A permanent sublet means the original renter has to leave the property early. Instead of breaking the lease, they're transferring the rent over to someone for the duration of the lease. The biggest issue with this type of sublease is that you've now got a tenant you didn't vet living in your property. You won't go through the normal process of reviewing their rental application and running a background check. Instead, someone else is deciding if this person is a worthy tenant for your property.

Can a landlord say no to subletting?

Every state has its own subletting laws, so it's important you're familiar with them before saying sublets aren't allowed at all. Some states do let you make that call, but others give all renters the right to sublet.

Even within these broad legal terms, there are rules for legal subletting, as well. For example, it's likely illegal for your renter to charge a subtenant more rent than they're paying themselves. You may want to research those and include them in the subletting clause of your lease to keep yourself clear of any issues.

Regardless of how you handle subletting, if your tenant decides to do it, they must tell you and get your approval. Ask for a written request for your records and to ensure neither tenant violates the original lease.

What is a good reason to refuse sublet?

If you live in a state where a landlord can say no to subletting, it's best to consider the pros and cons of your choice. A big positive in the column for allowing tenants to sublet is occupancy. This strategy ensures your home isn't vacant at an inconvenient time to rent.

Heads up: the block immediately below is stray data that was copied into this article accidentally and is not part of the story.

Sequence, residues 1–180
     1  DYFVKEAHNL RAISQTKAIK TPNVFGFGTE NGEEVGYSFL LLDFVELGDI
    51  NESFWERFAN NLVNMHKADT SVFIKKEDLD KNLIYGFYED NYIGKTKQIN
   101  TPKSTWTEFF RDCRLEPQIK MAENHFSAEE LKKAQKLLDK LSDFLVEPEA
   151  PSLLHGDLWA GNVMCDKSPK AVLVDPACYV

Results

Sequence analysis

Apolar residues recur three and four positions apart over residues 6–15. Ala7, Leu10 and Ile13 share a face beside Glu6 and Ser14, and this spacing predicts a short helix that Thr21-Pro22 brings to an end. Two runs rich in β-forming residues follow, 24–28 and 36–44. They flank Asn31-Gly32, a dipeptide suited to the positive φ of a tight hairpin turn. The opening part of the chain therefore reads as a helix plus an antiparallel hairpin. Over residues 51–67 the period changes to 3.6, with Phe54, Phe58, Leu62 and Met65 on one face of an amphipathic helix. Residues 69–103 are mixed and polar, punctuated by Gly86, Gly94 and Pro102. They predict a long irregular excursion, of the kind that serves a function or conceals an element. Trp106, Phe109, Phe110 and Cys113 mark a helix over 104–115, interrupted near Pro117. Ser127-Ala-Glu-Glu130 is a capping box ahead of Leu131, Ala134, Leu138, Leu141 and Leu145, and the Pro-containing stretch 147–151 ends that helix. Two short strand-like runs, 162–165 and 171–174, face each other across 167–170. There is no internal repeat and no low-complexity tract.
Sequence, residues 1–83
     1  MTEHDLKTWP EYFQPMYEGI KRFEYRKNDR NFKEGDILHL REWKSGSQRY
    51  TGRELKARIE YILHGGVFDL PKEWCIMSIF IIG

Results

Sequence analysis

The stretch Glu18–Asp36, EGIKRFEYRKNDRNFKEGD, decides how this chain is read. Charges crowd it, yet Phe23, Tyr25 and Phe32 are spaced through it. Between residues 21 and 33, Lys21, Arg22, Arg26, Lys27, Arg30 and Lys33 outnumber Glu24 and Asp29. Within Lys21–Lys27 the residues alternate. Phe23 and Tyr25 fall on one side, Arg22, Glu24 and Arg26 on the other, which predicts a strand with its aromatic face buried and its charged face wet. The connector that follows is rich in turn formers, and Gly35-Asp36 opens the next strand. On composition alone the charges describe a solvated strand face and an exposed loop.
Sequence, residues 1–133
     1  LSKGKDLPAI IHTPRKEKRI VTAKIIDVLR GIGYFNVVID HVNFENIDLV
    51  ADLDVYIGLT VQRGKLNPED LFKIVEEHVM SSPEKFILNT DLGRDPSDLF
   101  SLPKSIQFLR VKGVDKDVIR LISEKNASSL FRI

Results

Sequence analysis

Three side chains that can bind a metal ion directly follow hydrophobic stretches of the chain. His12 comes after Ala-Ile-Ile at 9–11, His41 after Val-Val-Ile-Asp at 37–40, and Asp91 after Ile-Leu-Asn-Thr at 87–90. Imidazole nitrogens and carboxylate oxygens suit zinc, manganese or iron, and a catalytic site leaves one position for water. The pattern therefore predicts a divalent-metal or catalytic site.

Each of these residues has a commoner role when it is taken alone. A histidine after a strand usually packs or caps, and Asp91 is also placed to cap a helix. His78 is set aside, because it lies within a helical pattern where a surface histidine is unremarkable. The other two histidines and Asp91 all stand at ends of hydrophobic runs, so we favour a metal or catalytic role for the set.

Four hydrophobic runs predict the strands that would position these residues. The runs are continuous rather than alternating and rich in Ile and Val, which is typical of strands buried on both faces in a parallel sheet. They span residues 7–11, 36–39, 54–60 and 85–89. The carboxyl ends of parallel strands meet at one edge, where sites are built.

For example, if your tenant needs to move out in December — a notoriously hard month to rent — and they break their lease, your rental home could sit empty for a month or two. With a sublet, that doesn't happen. Not only that, but the original tenant is then responsible for finding someone to occupy the home.

This is a great argument for subletting but there are also reasons why saying "no" makes sense. The biggest negative revolves around tenant screening. Whoever your existing tenant brings into sublet won't necessarily go through your initial screening process. If you can't require all subletting tenants to get screened by you, there's a chance whoever your tenant brings in may not meet your standards. A tenant who's offering the sublet only cares if the subtenant will pay rent. You've got other things to worry about.

Contacting your original tenant to deal with an unreliable subtenant can also create issues. What if your original tenant is suddenly hard to get in touch with? What if they don't prioritize passing messages from you along? It can get confusing figuring out when you can step in and speak to the subtenant directly when a sublet is in place. You may even find yourself having to evict both a tenant and a subtenant, which almost feels like having to do the same work twice.